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Our indexes include entries for the spelling fowkes. In the period you have requested, we have the following 189 records (displaying 121 to 130): 

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National ArchivesLondon Policemen (1843-1857)
The Metropolitan Police Register of Joiners (MEPO 4/334) lists policemen joining the force 1 January 1843 to 1 April 1857 (warrant numbers 19893 to 35804). The register is alphabetical, in so far as the recruits are listed chronologically grouped under first letter of surname. It gives Date of Appointment, Name, Number of Warrant, Cause of Removal from Force (resigned, dismissed, promoted or died), and Date of Removal. Although the register was closed for new entrants at the end of 1842, the details of removals were always recorded, some being twenty or more years later. Those recruits not formerly in the police, the army, or some government department, were required to provide (normally) at least two letters of recommendation from persons of standing, and details of these are entered on the facing pages: the names in these are indexed separately - this index refers only to the police constables. Where a recruit was only recently arrived in the metropolis, the names and addresses of the recommenders can be invaluable for tracing where he came from.
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London Policemen
 (1843-1857)
National ArchivesPersons of standing recommending London police recruits (1843-1857)
The Metropolitan Police Register of Joiners (MEPO 4/334) lists policemen joining the force 1 January 1843 to 1 April 1857 (warrant numbers 19893 to 35804). The register is alphabetical, in so far as the recruits are listed chronologically grouped under first letter of surname. It gives Date of Appointment, Name, Number of Warrant, Cause of Removal from Force (resigned, dismissed, promoted or died), and Date of Removal. Although the register was closed for new entrants at the end of 1842, the details of removals were always recorded, some being twenty or more years later. Those recruits not formerly in the police, the army, or some government department, were required to provide (normally) at least two letters of recommendation from persons of standing, and details of these are entered on the facing pages. Where a recruit was only recently arrived in the metropolis, the names and addresses of the recommenders can be invaluable for tracing where he came from. Those recruits not formerly in the police, the army, or some government department, were required to provide (normally) at least two letters of recommendation from persons of standing, and details of these are entered on the facing pages: the names in these are indexed here (the police recruits are indexed separately and not included here). Recruits transferred from other forces or rejoining the force did not normally need recommendations - in the latter case, former warrant numbers are given - but some recommendations are from police inspectors, even other constables. Recruits coming from the army sometimes have general military certificates of good conduct, but most often have a letter from their former commanding officer; recruits recommended by government departments (most often the Home Office) similarly have letters from the head of department. But the great majority of the names and addresses in these pages are of respectable citizens having some sort of personal acquaintance with the recruit. Where more than two recommendations were provided, the clerk would only record one or two, with the words 'and others'. Tradesmen are sometimes identified as such by their occupations; there are some gentry. Although the bulk of these names are from London and the home counties, a scattering are from further afield throughout Britain and Ireland.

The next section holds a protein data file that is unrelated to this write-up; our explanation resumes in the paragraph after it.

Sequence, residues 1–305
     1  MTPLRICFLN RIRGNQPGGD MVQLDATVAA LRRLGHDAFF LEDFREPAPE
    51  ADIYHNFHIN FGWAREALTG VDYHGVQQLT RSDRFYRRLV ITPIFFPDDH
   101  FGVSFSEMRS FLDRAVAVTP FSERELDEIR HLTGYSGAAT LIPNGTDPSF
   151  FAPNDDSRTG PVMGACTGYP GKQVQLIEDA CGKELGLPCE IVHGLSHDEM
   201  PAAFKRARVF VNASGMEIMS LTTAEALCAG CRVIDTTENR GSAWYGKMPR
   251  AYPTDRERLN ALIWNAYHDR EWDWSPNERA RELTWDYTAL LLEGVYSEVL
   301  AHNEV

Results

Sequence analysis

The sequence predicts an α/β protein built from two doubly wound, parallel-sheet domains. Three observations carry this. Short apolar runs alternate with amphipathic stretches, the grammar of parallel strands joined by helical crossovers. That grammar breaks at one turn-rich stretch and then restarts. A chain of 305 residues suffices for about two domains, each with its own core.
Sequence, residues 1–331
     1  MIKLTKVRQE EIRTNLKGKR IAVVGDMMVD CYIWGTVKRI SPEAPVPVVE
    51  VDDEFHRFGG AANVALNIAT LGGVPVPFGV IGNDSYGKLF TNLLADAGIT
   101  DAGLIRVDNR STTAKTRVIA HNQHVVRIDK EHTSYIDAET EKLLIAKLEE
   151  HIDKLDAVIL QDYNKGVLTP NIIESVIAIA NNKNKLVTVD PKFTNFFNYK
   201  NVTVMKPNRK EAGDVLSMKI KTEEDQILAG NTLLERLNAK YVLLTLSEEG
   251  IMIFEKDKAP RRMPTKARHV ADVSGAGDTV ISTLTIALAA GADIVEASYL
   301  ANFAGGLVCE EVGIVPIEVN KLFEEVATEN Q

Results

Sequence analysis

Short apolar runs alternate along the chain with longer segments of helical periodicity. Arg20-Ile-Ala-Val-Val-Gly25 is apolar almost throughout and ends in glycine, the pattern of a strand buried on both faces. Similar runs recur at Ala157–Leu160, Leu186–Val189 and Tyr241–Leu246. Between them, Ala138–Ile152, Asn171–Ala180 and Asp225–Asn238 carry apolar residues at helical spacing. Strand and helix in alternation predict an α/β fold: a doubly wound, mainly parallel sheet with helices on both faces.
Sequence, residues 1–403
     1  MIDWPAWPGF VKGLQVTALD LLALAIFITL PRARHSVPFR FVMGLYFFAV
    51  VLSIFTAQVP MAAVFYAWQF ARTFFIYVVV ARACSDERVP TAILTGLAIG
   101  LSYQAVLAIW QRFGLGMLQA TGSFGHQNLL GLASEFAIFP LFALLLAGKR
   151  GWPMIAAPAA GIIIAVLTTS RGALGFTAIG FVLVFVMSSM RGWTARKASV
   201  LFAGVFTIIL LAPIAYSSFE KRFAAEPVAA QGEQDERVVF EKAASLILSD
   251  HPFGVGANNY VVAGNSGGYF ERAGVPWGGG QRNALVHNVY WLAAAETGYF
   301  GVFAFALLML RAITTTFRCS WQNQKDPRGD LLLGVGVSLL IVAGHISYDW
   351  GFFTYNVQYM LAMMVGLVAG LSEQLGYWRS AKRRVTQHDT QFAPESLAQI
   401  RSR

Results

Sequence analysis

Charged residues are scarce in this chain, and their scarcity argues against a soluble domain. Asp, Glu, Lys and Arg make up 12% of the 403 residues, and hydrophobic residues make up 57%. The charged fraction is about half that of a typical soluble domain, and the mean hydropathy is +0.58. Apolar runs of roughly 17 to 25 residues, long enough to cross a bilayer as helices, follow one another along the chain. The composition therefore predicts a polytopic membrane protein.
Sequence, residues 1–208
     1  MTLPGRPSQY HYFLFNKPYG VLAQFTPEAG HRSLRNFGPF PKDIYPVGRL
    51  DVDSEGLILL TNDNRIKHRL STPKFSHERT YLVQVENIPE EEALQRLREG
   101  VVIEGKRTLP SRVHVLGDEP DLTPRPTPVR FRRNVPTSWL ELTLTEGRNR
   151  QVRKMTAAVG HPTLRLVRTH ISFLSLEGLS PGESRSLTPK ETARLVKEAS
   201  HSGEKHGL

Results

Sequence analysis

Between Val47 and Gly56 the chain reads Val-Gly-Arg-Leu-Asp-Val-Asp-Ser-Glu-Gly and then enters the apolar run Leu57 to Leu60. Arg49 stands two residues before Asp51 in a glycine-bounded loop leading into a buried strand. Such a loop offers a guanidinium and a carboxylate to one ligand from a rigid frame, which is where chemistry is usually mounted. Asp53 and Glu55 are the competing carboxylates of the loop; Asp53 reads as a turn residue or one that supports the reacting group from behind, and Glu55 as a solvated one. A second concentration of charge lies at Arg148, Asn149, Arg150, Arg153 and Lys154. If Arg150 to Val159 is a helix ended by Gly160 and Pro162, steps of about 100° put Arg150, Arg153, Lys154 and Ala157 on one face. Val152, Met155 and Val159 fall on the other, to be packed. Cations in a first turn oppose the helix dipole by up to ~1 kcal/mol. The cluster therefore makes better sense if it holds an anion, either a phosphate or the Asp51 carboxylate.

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Persons of standing recommending London police recruits
 (1843-1857)
Bankrupts (1858)
Bankruptcy notices for England and Wales: bankruptcy often caused people to restart their lives elsewhere, so these are an important source for lost links
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Bankrupts